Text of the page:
“And He humbled you and let you hunger and fed you with manna, which you did not know, nor did your fathers know, that He might make you know that man does not live by bread alone, but man lives by every word that comes from the mouth of the Lord.”  (Deuteronomy 8:3)

Tel Nizana-youth-cycling

Israeli youth cycle near Tel Nizana, an ancient city on the Incense Route which served pilgrims and merchants traveling to Sinai or central Egypt.

To the Promised Land

“For the Lord your God is bringing you into a good land, … a land in which you will eat bread without scarcity, in which you will lack nothing.”  (Deuteronomy 8:7–9)

The wilderness is very important, if not an essential time in our lives.

It is also filled with danger and trials that test our faith; and yet God never leaves us there.  He always points us to a better land to which He is taking us—a land of beauty and abundance.


A bouquet of color paints the fields of a flower farm in Israel.

The only way to the Promised Land, however, is through the wilderness.  The prophet Isaiah poetically called the way through the desert the “Highway of Holiness” and promised that the sun-scorched land would become a pool of refreshment.

“The scorched land will become a pool, and the thirsty ground springs of water….  A highway will be there, a roadway, and it will be called the Highway of Holiness.  The unclean will not travel on it, but it will be for him who walks that way.”  (Isaiah 35:7–8)

Israel has done an amazing job of transforming her deserts into beautiful, blooming, flowering places that resemble the Garden of Eden, just as the ancient Hebrew prophets promised would one day happen.  And this has taken place in our very generation!

“The LORD will surely comfort Zion and will look with compassion on all her ruins; He will make her deserts like Eden, her wastelands like the garden of the LORD.  Joy and gladness will be found in her, thanksgiving and the sound of singing.”  (Isaiah 51:3)


Israelis joyfully dance in the street on Independence Day.

Haftarah Bamidbar

“The Israelites will be like the sand on the seashore, which cannot be measured or counted.”  (Hosea 2:1 [1:10])

The Torah portion and the prophetic portion of Bamidbar share the theme of numbering.

God promises through Hosea that the numbers of Israelites will be like sand on the seashore.

Hosea, who foresees the coming Messianic Era, also prophesies that the houses of Judah and Israel will be unified and come under a single leader.

Hosea was the prophet during the decline and fall of the Northern Kingdom of Israel (722 BC), about 200 years after the death of King Solomon.

Due to the mismanagement of Solomon’s son, King Rehoboam, the 10 northern tribes rebelled, and Israel was divided into the Northern Kingdom (ten tribes), and the Southern Kingdom of Yehudah (Judah) and Benjamin (931 BC).


David and Solomon’s united kingdom of Israel was split into the Southern Kingdom of Judah and the Northern Kingdom of Israel after the northern tribes refused to accept Rehoboam, the son of Solomon, as their king.

God exiled the 19 northern tribes because they forsook God and turned to the gods of the pagan nations around them.  In the book of Hosea, God likens them to a wife who plays the harlot and turns to other men.

“A spirit of harlotry led them astray.”  (Hosea 4:12)

Hosea’s wife, Gomer, who is a prophetic picture of Israel, bore two children who were called Lo Ruhamah and Lo Ami, meaning no mercy and not My people.

What terrible names to have to bear!  It was as if God totally disowned His people—vowing that He would not have mercy on them or even consider them His covenant people anymore.

But God, in His mercy, promises that He would not hold His anger against them forever.

“In the place where it was said to them, ‘You are not My people [lo ami],’ they will be called ‘children of the living God.’  The people of Judah and the people of Israel will come together.”  (Hosea 2:1–2 [1:10–11])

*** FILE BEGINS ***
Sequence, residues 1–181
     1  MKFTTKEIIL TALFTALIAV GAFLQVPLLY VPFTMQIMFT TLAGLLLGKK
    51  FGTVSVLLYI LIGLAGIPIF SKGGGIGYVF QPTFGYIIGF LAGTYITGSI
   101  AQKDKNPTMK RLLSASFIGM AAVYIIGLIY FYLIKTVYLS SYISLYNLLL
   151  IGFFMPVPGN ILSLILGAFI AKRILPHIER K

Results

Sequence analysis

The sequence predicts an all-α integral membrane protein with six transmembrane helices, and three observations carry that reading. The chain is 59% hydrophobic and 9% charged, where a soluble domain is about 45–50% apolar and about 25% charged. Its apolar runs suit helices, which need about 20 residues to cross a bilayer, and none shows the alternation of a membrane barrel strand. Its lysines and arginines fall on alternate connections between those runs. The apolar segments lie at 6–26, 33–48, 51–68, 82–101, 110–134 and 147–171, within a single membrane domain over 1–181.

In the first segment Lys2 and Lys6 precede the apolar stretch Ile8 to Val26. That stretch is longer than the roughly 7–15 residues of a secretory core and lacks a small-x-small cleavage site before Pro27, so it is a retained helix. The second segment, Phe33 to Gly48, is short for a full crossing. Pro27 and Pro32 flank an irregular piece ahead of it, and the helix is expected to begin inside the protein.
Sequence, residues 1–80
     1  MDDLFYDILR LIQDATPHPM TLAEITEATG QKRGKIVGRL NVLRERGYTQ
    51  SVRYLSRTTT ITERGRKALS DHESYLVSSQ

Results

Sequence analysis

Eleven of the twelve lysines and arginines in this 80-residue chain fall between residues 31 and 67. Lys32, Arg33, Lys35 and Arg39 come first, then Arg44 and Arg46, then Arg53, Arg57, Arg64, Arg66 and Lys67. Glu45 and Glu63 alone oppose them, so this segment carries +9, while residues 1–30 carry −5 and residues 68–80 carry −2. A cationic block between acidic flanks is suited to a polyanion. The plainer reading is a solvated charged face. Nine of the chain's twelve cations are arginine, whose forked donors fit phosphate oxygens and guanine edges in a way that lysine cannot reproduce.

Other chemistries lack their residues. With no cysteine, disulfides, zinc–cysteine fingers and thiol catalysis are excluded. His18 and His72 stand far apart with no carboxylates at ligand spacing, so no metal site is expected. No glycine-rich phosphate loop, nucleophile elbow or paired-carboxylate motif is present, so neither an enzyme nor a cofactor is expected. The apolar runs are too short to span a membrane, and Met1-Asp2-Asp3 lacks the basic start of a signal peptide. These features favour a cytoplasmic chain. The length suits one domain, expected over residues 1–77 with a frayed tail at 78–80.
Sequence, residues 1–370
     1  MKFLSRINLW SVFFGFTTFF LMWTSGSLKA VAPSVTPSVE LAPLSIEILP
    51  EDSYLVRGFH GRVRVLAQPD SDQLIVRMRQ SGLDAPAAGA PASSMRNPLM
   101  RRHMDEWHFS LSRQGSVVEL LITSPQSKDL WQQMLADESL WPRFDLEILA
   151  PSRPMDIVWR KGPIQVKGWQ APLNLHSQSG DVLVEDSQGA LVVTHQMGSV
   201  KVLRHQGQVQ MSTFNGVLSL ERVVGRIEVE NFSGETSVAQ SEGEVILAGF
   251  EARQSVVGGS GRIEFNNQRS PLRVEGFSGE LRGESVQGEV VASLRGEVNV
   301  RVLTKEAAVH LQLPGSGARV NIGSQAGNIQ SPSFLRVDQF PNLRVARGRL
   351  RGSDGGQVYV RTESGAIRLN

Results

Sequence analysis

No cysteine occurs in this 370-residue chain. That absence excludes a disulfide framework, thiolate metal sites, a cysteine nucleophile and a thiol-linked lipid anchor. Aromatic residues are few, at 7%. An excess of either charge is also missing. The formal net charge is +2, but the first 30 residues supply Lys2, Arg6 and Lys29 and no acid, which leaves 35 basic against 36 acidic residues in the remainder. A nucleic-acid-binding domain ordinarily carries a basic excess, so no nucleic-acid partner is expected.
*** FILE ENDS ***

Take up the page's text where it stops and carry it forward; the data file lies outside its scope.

Even though some of exiled Israel returned to the Holy Land eventually, becoming absorbed into the tribes of Yehudah and Benjamin, many remained in the nations, and became “lost.”

God promised that in the latter days, they would no longer rebel against the rule of David’s heir, and they would return and serve the Lord.  This is such a wonderful promise!

“Afterward the Israelites will return and seek the Lord their God and David their king.  They will come trembling to the Lord and to His blessings in the last days.”  (Hosea 3:5) 

Followers of the Jewish Messiah, Yeshua—whether Jew or Gentile, man or woman—can personally take hold of the promises God made through Hosea.

Bar Mitzvah-candy-responsibility for their actions

Jewish women throw candy to the men’s side of the Western (Wailing) Wall during a Bar Mitzvah (Son of the Commandment), a coming of age ceremony in which Jewish boys accept responsibility for their actions.

Both Paul and Peter confirm Hosea’s prophecy as having partial fulfillment already in Yeshua:

“I will call them Ami [My People], who were not My people, and her Ruhamah [mercy] who were loh-ruhamah [no mercy].  There they shall be called sons [and daughters] of the living God.”  (Romans 9:25–26)

“But you are a chosen generation, a royal priesthood, a holy nation.  His own special people; that you may proclaim the praises of Him who called you out of darkness into His marvelous light, who once were not a people [loh ami] but are now the people of God, who had not obtained mercy [loh ruhamah] but now have obtained mercy [ruhamah].  (1 Peter 2:9–10) 

Orthodox Jewish man-prayer-tallit-tefillin-kippah

A Jewish man wearing tefillin (black box and straps, also called phylacteries), a kippah (yarmulke) and a tallit (prayer shawl) prays in Jerusalem.

And although Israel may be rather small in numbers today, God has promised that they will be as countless as the sand on the seashore.  With them, He has “counted” all Believers in Yeshua as His very own precious children.

Even as we walk through fiery trials in the wilderness, we can trust in His faithful love and care.

May we look forward to the good land to which He is leading and guiding us, and the complete fulfillment of each and every one of His promises for the restoration of Israel.

No eye has seen the amazing things He has prepared for those who love Him.